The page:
Singapore’s urban jungle is so dense, its buildings so high and its people packed so tightly, that sometimes you miss things just a short walk from you. For a long time I’ve been whining (inwardly) about the lack of rosti in Singapore. It’s shredded potatoes for heaven’s sake. Why do I have to go to Marche and pay enormous amounts for that?
Or at least that’s my excuse for this glaring oversight – not only did I not know about Ivan’s Carbina, mere minutes away from my place; I didn’t even know there was a coffee shop there at all. It was only when I saw a video on Facebook that I knew. Rosti was there all the time; indeed, it’s been there for years.
Roti John is one of those strange foods for me, in a category with lor mee, shengjianbao and shakshouka. They are all things I love, but somehow never seek out; I can function for years without particularly craving them, but if I happen to be somewhere and they happen to be available, I know what I’m ordering. And at Al Ameen Eating Corner, where the menu can cause serious injury if dropped on your head, they have roti john.
The reason I was at Al Ameen has nothing to do with the food, even. Occupying a large space in an industrial park in Marsiling, it just happened to have good seats to the New Year fireworks show, especially in the ‘alfresco’ section (the extra tables that extend to the grass patch outside). But they do have roti john. 9 different ways, in fact.
We all have them, don’t we – the old place, the regular haunt. In the time when my primary school was a short bus ride from home, Marsiling Market was mine – as well as that of crowds and crowds of Causeway-crossers, seeking to refuel after the checkpoint. In the pre-dawn blue, every minute or so, the traffic light on the main road turns and a swarm Honda Super Cubs blare and keen in unison, all en route to their jobs somewhere.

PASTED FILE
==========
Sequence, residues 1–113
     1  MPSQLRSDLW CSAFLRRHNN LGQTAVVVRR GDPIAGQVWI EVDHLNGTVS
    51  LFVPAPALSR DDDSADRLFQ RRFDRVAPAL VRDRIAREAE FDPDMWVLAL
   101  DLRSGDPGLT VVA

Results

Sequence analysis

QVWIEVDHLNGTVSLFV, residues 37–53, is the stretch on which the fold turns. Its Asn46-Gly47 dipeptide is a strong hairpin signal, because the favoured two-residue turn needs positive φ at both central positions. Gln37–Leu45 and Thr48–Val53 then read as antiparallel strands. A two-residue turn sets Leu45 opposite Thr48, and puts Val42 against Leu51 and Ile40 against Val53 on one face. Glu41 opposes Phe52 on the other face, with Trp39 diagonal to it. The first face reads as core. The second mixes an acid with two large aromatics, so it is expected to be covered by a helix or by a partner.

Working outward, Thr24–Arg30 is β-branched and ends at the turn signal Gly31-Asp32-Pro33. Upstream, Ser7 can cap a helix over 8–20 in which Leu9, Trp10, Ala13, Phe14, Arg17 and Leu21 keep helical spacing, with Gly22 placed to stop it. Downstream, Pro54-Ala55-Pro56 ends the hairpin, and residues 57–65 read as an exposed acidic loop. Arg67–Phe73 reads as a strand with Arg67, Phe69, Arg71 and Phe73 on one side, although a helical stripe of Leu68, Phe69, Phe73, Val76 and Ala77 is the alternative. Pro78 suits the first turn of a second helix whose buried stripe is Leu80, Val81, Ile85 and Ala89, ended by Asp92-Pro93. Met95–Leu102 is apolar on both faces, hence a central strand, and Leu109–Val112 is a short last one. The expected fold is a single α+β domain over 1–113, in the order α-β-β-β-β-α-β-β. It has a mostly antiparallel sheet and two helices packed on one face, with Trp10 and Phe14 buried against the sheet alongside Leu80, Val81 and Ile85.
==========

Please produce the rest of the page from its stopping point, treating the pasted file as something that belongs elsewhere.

And well, it’s taken some time, but I’m back here regularly again. It’s amazing how much has remained reasonably similar to what I can recall. Sure, pork in the wet market is now kept in chillers instead of hanging from hooks – which I count a positive, what with the odours – but the bewildering array of fish on mounds of crushed ice is still there, meltwater sloshing underfoot as you wander around all sorts of marine life.
It is breakfast that’s the main thing in the hawker centre. Just about everything is present – youtiao in robust coffee, several nasi lemak places, vegetarian bee hoon – and then Chin Heng Noodle House, right inside the premises. Clean and hygienic as it is, the air in there is thick with aromas and cooking fumes. I’m almost afraid to write about how vintage it is, in case someone notices that it needs some Singapore-style progress and turns it into some generic ‘food haven’ with a bloody multi-storey carpark.